When examining your fish for cloudy eyes there are two important things to look at:

  • The size of the cloudiness on either eye
  • The shape of that blood vessel running through the eyeball (iris)

Prevention of Fish Cloudy Eye

First and foremost, it is important to establish the diagnosis of the cause of the eye cloudiness.

Once this has been done, it is then possible to determine the appropriate dosage of antibiotic required.

It is also important to keep in mind that fish can develop resistance to certain antibiotics if they are over-used or improperly administered.

So, prevention is important to maintain good fish health. Follow these tips to help keep your aquarium clean and healthy:

-Feed a high-quality diet that is balanced and includes plenty of fresh vegetables and fruits.

Keep the water clean by regularly cleaning the tanks and filters.

-Use proper sanitation measures such as keeping the tank clean and disinfecting it on a regular basis.

Avoid overfeeding or overcrowding your fish, as this can lead to unhealthy conditions.

Provide enough light for your fish, including using a fluorescent light during the day if desired.

Keep your fish warm and calm during cold weather, which can help reduce cloudiness in their eyes.

-In order to prevent cloudy eyes, you should try to keep your fish well-groomed and free from excess shedding.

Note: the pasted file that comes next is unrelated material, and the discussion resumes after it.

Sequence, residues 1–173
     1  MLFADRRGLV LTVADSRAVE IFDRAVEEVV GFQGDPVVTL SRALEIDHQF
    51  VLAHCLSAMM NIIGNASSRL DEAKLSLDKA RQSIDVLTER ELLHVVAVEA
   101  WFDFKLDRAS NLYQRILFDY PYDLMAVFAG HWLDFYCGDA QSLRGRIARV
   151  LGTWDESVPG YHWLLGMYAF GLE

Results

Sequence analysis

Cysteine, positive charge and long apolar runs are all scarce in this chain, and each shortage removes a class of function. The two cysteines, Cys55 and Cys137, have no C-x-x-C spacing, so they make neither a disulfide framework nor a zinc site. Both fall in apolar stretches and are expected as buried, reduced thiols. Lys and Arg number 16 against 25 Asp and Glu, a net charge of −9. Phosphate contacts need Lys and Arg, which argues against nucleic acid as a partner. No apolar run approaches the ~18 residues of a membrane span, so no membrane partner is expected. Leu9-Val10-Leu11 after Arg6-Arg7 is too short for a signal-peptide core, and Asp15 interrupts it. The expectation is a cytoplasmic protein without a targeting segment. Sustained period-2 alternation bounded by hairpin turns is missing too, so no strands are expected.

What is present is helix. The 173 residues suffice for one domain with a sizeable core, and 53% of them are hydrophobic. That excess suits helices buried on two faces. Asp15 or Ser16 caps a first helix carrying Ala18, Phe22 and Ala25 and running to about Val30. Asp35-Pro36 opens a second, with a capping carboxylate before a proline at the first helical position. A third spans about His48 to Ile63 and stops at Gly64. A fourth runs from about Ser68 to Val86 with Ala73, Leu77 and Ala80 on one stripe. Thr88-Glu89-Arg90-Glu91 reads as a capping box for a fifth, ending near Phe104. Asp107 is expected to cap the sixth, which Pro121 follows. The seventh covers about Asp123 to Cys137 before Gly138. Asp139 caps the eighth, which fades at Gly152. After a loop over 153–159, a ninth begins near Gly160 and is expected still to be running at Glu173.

Cloudy Eye Fish Treatment | Fish Cloudy Eye Medication

1. Remove Dirt or Debris From Eye

The first is to remove any dirt or debris from the eyes with a Q-tip or cotton ball.

Gently clean the eyes until they are free of any discharge.

Use tap water or clean water flash to remove the dirt and move to the hospital tank for further care.

2. Antibiotic Treatment

Treatment depends on the cause of the problem. If the cloudy eye is caused by an infection, antibiotics may be prescribed.

If it is caused by parasites, antiparasitic medications may be prescribed to kill the parasites.

There are many different types of antibiotics and each one can have different effects on fish.

Some antibiotics are effective at treating cloudy eye conditions, while others may not be as effective.

It is important to choose the right antibiotic for the treatment of your fish’s cloudy eye condition.